The entire public service will have to conform to a common framework to safeguard citizens' personal data, with new measures being rolled out after a spate of breaches in the past year.
The aim is to make databases unusable in case information has been wrongfully extracted from them. The measures, some of which are already in place, will also detect unusual data transmissions and limit users' access rights.
Sensitive files will now have to be encrypted. Highly sensitive information about individuals, such as their HIV status, will be hidden away in a separate system with tighter controls. The personal information of ministers and other important people will also be kept in separate systems with more stringent protection.
The 13 technical measures announced yesterday are the first of many to come from a new Public Sector Data Security Review Committee convened by Prime Minister Lee Hsien Loong in April.
They were issued after a stock-take of how data was managed at five key government agencies here - the Ministry of Health (MOH), Health Sciences Authority (HSA), Health Promotion Board, Central Provident Fund Board and the Inland Revenue Authority of Singapore - which handle medical and financial data of citizens.
The new measures will replace current practices being followed by public agencies, many of which devised the protocols themselves.
More measures, including ways to better manage third-party vendors and train public servants on data security practices, will be revealed later and included in the committee's final report due in November this year.
"These include measures to better ensure high data protection standards by third parties that handle government data," said a spokes-man for the Smart Nation and Digital Government Office yesterday.
The committee was formed after a spate of cyber security breaches over the past year, with the latest involving the personal data of more than 800,000 blood donors getting accessed illegally and uploaded on an unauthorised server for more than two months. An HSA technology vendor, Secur Solutions Group, was responsible for the incident.
In January, the MOH revealed that the confidential information of 14,200 HIV-positive individuals had been leaked online by an American citizen who had lived and worked in Singapore. He had gained access to the data through his partner, Ler Teck Siang, a Singaporean doctor who once headed MOH's National Public Health Unit.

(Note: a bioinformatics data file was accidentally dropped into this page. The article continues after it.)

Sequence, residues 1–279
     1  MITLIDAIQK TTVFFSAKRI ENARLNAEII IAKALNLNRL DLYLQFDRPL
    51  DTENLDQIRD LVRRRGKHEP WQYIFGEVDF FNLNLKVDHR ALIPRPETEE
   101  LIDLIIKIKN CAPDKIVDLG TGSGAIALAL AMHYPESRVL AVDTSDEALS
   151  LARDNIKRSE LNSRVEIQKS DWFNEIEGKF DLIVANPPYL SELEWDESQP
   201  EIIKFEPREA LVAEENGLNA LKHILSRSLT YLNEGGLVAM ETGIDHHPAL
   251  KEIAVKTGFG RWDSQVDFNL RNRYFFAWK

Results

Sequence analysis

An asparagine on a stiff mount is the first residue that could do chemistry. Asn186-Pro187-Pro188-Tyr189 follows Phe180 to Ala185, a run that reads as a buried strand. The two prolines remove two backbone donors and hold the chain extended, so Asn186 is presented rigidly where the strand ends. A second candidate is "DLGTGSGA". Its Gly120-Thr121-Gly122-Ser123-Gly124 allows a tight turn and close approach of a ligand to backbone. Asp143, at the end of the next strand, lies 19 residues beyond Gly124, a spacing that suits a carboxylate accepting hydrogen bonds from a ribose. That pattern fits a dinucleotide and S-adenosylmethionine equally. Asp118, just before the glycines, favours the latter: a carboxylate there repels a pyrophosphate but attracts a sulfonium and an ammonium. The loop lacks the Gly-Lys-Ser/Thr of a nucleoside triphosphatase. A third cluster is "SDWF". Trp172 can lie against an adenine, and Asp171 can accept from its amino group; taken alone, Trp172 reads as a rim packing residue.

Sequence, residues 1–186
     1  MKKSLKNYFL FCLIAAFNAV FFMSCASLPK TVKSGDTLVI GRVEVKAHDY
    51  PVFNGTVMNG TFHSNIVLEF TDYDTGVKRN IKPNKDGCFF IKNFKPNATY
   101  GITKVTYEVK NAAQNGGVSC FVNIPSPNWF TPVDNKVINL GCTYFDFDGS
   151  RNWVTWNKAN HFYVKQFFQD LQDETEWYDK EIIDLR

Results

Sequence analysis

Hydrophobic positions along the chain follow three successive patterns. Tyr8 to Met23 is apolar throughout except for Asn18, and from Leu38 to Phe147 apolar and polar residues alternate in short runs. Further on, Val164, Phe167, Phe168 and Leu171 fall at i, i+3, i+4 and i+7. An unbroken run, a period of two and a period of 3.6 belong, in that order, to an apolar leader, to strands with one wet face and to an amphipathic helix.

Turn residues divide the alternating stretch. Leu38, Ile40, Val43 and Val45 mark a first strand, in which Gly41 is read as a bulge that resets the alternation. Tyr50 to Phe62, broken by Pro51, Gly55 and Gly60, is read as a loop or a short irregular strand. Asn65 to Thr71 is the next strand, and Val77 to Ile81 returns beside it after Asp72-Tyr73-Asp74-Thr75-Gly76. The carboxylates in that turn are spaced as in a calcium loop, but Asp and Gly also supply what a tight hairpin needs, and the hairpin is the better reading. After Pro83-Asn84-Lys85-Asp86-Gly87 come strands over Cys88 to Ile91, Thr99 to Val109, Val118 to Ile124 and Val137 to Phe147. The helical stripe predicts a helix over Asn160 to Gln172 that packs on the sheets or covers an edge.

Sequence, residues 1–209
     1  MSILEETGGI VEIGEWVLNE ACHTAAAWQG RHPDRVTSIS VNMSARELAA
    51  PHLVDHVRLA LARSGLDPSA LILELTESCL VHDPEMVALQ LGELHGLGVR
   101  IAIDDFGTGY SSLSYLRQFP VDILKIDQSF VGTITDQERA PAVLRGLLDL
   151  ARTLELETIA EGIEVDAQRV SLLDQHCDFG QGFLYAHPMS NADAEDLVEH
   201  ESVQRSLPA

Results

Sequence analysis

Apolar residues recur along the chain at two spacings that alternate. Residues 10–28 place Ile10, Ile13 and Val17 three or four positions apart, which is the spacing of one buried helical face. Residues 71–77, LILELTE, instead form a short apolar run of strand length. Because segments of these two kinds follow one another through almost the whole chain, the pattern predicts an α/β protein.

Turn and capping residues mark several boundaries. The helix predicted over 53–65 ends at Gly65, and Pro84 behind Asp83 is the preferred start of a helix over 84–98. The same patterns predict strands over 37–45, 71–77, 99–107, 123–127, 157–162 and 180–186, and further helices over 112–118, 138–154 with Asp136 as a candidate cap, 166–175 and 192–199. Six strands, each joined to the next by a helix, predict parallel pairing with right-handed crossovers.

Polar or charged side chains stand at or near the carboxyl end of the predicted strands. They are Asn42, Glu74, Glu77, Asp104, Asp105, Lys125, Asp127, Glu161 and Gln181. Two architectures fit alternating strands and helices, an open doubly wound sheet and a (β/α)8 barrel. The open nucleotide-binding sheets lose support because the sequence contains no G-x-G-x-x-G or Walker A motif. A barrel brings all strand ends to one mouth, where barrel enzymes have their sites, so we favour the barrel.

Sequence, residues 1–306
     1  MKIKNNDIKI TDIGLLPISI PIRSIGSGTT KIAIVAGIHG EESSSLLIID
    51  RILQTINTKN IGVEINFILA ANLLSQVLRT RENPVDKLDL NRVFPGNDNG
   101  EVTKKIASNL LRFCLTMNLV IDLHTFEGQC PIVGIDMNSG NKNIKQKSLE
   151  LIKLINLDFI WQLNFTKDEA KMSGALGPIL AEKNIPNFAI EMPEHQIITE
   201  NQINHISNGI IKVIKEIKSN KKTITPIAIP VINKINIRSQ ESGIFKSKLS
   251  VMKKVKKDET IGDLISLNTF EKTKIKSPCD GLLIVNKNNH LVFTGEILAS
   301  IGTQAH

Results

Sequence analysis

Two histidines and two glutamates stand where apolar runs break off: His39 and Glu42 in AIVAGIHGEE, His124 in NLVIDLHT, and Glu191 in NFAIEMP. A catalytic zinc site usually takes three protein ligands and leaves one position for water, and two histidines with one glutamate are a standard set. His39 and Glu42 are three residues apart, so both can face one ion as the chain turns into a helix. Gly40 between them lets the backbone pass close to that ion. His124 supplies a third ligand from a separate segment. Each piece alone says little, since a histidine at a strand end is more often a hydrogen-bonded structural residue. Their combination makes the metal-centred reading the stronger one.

And in February, MOH said a computer error had resulted in 7,700 people receiving inaccurate healthcare subsidies when they applied for or renewed their Community Health Assist Scheme cards in September and October last year.
Singapore's worst cyber attack took place in June last year, when hackers made away with the personal data of 1.5 million SingHealth patients and the outpatient prescription information of 160,000 people, including PM Lee.
All 13 measures will eventually be deployed. For instance, the database of patients with infectious diseases and individuals who were declared bankrupt will have the highest form of protection involving the most, if not all, of the 13 measures.
The measures will supplement current practices, including Internet surfing separation - cutting Internet access from work computers, which was rolled out in 2016 - and the disabling of USB ports from being accessed by unauthorised devices, implemented in 2017.
Mr Aloysius Cheang, Asia-Pacific executive vice-president of the London-based think-tank Centre for Strategic Cyberspace + International Studies, is concerned, however, that placing the data of important people in a separate system "may only draw the attention of hackers to the high-value system".
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